Belfast Telegraph

Belfast fancy dress fans reveal who they want to be at Halloween

By Christopher Leebody

It's a Halloween tradition — people queuing out the door of Elliotts fancy dress shop in Belfast to get their last-minute spooky costumes and accessories.

The family-owned shop on Ann Street, which has been decking party-goers out in their costumes for more than a century, was filled with young and old all looking for the best outfit for the big night on Thursday.

There was plenty of diversity among this year’s inspirations and a tangible sense of excitement as people worked their way through the bustling crowds in the shop.

Rory Morris, a student, thought the occasion was more popular than ever among his friends.

He said: “I’m going for the Sixties, Seventies vibe, sort of flared trousers, peace symbols and stuff. It’s just my sort of vibe at the minute.”

Rosie McKee was already in full costume.

She said: “I’m dressed up as a rainbow person. It was the only costume I had. I feel like Halloween is more of an adult thing now.

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Ellie Beattie wears her Joker outfit yesterday
Ellie Beattie wears her Joker outfit yesterday
Rory Morris
Ellen Watson and Beth McDaniel
Clark Elliott
The queue at shop
some costumes
Lea Steinheimer and Phil Jones outside Elliotts
Courtney Smyth with part of her costume

“It is more accepted to walk around in town like this.”

Friend Ellie Beattie added: “Right now I’m dressed up as The Joker, but I’ll see how I feel when the day comes.

“It’s my birthday on Halloween so we are having a birthday bash.”

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Rory Morris

Student Ellen Watson was with her friends looking for some inspiration.

She said: “We are being Playboy bunnies. It was very last-minute and our other Barbie outfit didn’t work out.

“We are going out three times in one week, but we are not missing any class so it’s okay.”

Beth McDaniel said: “The older you get, there is pressure to do multiple Halloween looks. You can’t just do one Halloween look these days.”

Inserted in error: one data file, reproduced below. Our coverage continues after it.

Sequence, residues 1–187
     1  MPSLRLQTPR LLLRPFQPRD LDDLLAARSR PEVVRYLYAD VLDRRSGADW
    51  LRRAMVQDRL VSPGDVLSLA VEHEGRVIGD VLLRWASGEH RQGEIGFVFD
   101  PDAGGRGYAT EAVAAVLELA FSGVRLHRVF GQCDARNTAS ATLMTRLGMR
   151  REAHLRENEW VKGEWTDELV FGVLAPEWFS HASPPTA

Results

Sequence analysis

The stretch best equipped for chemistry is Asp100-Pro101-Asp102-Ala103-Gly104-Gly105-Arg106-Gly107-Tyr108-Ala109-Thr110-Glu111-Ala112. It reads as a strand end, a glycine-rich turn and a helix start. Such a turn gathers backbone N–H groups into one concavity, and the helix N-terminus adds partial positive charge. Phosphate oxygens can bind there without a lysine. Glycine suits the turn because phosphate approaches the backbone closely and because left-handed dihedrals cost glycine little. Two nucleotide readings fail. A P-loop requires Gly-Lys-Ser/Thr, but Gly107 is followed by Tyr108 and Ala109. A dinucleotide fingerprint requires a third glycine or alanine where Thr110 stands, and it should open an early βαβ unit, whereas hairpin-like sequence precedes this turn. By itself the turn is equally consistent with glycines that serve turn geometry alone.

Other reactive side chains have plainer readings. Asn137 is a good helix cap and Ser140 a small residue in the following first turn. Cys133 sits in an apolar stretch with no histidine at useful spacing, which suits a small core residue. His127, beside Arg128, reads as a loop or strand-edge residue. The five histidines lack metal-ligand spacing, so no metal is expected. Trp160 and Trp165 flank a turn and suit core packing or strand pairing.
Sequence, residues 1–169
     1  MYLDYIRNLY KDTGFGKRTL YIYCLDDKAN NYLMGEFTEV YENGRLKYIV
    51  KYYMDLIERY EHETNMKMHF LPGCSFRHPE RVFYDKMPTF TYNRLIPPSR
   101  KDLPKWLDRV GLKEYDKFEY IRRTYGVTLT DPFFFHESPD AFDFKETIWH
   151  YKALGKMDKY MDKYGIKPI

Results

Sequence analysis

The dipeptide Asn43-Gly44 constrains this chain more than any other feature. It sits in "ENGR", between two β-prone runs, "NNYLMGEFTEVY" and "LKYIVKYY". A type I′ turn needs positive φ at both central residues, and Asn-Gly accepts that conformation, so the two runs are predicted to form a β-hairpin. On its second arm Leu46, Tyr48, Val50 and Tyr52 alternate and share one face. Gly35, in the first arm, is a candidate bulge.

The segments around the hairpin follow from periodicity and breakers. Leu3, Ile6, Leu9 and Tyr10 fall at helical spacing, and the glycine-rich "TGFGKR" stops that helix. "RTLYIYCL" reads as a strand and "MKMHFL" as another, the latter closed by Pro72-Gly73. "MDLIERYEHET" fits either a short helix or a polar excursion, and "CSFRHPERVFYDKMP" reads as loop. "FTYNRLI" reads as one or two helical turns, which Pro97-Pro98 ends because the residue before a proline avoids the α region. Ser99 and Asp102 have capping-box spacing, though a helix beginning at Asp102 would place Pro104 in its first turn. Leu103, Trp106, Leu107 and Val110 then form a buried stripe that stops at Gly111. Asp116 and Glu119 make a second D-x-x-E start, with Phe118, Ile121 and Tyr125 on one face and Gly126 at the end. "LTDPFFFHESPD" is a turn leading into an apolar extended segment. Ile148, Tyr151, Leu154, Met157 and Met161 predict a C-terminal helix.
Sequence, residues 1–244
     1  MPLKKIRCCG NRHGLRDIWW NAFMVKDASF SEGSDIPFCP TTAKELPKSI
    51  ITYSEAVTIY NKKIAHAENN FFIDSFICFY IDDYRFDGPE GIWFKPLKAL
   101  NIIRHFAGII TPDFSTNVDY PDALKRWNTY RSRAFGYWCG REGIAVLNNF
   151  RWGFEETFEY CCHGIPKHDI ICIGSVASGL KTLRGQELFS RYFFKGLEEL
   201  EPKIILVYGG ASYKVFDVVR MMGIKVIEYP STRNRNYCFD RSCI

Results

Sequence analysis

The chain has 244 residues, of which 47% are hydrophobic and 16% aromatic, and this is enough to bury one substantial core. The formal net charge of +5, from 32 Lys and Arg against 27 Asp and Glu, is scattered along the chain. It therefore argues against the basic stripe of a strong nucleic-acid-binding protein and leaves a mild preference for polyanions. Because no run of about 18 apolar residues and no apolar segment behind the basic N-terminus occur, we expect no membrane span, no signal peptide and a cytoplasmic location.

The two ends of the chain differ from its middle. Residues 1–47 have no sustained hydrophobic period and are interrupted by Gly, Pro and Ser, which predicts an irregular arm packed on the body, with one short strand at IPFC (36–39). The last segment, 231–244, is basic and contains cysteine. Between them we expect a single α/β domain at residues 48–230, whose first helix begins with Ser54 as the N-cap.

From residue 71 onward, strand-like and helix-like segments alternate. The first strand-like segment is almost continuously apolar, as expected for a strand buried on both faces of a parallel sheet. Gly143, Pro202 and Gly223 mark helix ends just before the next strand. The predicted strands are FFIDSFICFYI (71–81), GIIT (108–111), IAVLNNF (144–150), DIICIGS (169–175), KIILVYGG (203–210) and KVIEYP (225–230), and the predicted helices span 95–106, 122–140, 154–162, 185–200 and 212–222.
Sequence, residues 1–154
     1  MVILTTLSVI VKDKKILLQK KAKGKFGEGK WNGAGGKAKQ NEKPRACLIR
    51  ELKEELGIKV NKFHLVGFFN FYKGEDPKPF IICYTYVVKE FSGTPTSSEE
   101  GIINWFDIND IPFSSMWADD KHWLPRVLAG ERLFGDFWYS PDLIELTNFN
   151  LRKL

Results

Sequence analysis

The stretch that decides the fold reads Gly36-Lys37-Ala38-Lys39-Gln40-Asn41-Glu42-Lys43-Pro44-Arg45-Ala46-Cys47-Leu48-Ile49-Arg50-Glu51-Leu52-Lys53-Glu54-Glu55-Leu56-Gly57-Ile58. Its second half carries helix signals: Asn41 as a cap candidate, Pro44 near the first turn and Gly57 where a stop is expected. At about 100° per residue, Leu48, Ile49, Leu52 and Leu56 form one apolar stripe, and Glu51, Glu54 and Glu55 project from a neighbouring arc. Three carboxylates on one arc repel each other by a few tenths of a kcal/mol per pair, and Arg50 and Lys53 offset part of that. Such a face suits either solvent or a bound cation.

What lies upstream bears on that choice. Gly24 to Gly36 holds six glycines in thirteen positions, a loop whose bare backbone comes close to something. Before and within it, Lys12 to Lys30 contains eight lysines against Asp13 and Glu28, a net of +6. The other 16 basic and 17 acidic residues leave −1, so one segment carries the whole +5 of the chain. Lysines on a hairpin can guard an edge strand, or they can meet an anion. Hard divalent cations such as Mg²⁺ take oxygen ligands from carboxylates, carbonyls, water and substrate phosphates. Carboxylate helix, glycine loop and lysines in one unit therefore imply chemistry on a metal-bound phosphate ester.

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Ellen Watson and Beth McDaniel

Queen’s University students Cathal Coulter and Ronan McSherry were both buying hats, with Cathal explaining that he was “going as one of the Blues Brothers” with a friend.

Courtney Smyth said: “I’m dressing up as a devil because it’s scary.”

Jarod Connor, a physics student at Queen’s, reflected the growing popularity of podcasts in his choice of outfit.

He said: “I’m dressing up as a character from a podcast I listen to, it’s sort of like a monster mystery story.

“He’s like a park ranger character. He’s got a sword and a hat, which is what I have here.”

For Jarod, dressing up at Halloween has always been a tradition.

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Clark Elliott

“My mum would have always used to make me costumes and I always loved dressing up and now I’m doing that myself and having a bit of fun,” he said.

“Halloween eve, I’ve got a house party event.

“On the actual night there’s a gig I’m going to in the Oh Yeah Music Centre, so I’m going to go see a band play. I’m going to dress up for both of those.”

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The queue at shop

Rachel Ramsay, a student from Belfast Met, said: “I’m going as an army girl and I am going to the Telegraph building on Halloween night.

“It was a last-minute decision because I’m very last-minute for everything.

“I’m not really a Halloween person, but when it comes to Halloween I can’t not dress up.”

Hannah Fulton explained she had some accessories to buy.

She said: “I’m going to wing it and be like a zombie or something. Anything with tissue paper and fake blood. It’s quite cheap.”

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some costumes

Lea Steinheimer, a teacher, and teaching assistant Phil Jones hadn’t decided on an outfit, but were browsing Elliotts to find some inspiration.

Phil said: “It’s just an excuse to dress up. I work with kids and we dress up for events. I quite like horror films and things like that.”

Clark Elliott is managing director of the shop.

He said that while things are typically manic in the build-up to the festivities, the landscape has shifted due to the growth of online sales.

He said: “Online has been particularly busy.

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Lea Steinheimer and Phil Jones outside Elliotts

“It used to be that people would come here last-minute, but people are being, I think, more organised and ordering online.

“It used to be that the queues were way round the corner from maybe the third week in Halloween, but the volume of people ordering online has increased dramatically.

“People like to party and students will be coming down I reckon in the next couple of days.”

According to Clark, the trends for this year are specific to recent Hollywood hits.

He said: “The main costumes that have been going this year have been the clowns. The IT clowns have been very popular, or versions of it.”

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Courtney Smyth with part of her costume

With long working nights, Clark joked that after Halloween the team are planning to take “one or two days off” and will “be glad to see it over”.

Watch the full Elliotts video on belfasttelegraph.co.uk.

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